Affordable Housing in Singapore

Singapore’s success in making homeownership possible for 90 percent of its population has attracted much attention internationally. A new book assesses the applicability of Singapore's housing framework to other global cities and developing economies.

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The case of Singapore is important to highlight how governments of global cities can confront the affordable housing challenge. The book Policy Innovations for Affordable Housing in Singapore: From Colony to Global City analyses key housing policy innovations, provides details of their context and impact, explains the necessary conditions for these policies to work, and assesses their transferability to other global cities. You can download the book here; read the first chapter via SharedIt.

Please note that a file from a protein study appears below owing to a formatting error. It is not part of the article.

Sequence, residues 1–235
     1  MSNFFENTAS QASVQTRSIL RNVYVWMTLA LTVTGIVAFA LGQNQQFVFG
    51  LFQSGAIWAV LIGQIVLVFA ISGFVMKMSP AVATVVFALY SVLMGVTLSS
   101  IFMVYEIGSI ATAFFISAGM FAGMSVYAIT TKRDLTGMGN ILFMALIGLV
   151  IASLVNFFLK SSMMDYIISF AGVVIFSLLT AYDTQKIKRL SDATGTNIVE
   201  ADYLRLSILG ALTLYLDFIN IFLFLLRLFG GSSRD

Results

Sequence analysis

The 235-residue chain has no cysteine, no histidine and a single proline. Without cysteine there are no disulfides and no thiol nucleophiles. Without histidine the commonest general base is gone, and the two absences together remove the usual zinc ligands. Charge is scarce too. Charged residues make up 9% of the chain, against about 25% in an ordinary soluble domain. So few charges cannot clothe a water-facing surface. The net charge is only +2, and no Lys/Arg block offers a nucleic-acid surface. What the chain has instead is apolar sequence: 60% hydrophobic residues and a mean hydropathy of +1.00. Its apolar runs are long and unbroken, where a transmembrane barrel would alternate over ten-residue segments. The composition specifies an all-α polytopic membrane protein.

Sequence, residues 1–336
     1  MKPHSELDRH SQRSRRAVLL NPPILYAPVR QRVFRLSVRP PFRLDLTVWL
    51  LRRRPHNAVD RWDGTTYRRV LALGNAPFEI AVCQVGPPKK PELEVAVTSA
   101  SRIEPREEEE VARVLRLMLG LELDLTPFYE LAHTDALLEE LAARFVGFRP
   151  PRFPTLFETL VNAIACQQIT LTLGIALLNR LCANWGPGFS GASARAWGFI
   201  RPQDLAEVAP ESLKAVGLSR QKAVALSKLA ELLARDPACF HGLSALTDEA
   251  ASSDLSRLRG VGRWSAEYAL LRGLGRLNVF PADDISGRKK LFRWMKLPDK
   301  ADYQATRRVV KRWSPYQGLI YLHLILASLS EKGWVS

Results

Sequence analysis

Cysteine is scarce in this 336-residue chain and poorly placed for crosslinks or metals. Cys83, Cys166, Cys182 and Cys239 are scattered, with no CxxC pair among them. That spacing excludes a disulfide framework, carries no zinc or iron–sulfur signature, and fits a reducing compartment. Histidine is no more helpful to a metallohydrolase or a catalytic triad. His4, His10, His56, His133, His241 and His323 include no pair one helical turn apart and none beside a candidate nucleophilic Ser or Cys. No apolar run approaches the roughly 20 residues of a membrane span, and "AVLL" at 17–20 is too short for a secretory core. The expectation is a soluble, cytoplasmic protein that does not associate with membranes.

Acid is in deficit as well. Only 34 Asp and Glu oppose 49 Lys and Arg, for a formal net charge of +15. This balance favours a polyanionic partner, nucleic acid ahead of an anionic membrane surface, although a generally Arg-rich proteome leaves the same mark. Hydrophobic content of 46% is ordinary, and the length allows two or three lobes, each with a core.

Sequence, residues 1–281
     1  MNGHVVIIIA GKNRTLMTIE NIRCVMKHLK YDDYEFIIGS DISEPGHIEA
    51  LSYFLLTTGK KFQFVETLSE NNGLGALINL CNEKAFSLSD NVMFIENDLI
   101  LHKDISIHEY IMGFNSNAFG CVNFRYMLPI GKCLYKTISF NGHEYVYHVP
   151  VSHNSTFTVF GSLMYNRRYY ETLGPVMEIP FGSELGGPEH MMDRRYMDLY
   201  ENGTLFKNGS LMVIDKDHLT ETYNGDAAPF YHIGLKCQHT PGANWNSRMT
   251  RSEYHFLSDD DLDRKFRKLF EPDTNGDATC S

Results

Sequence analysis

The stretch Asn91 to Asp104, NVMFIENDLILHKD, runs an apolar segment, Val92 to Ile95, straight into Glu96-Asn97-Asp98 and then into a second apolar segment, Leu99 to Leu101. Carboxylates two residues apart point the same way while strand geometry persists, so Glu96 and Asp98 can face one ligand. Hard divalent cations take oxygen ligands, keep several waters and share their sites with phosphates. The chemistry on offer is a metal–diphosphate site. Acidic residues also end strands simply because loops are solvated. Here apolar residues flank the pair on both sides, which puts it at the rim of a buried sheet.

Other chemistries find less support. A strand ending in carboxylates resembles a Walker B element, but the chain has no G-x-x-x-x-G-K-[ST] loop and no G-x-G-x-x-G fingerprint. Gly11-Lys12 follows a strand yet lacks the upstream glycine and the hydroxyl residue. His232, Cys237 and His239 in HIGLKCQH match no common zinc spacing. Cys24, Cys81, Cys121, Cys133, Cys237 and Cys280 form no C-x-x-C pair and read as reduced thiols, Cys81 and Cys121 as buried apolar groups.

Singapore inherited a Western institutional structure from the British colonial government when it gained independence, but the comprehensive and unique housing framework Singapore has implemented over five decades contains several connected yet distinct housing policy innovations. The list includes policies on state land acquisition, government as a housing developer, housing provident fund, social and racial integration, regulation of housing markets, housing redevelopment, and housing wealth monetisation.

In sharp contrast to the situation in Singapore, the availability of affordable housing for low- and middle-income households is a challenging social problem that many countries and cities continue to grapple with. Although it is a small city-state, Singapore’s experience in transforming its housing sector since independence can be relevant to larger countries as the urban housing market is a highly localised market. This book offers a useful reference for policymakers, city leaders, students and academic researchers in universities, think tanks, and international organisations who work on affordable housing policies.

Source:; read the first chapter for free with the following SharedIt link:

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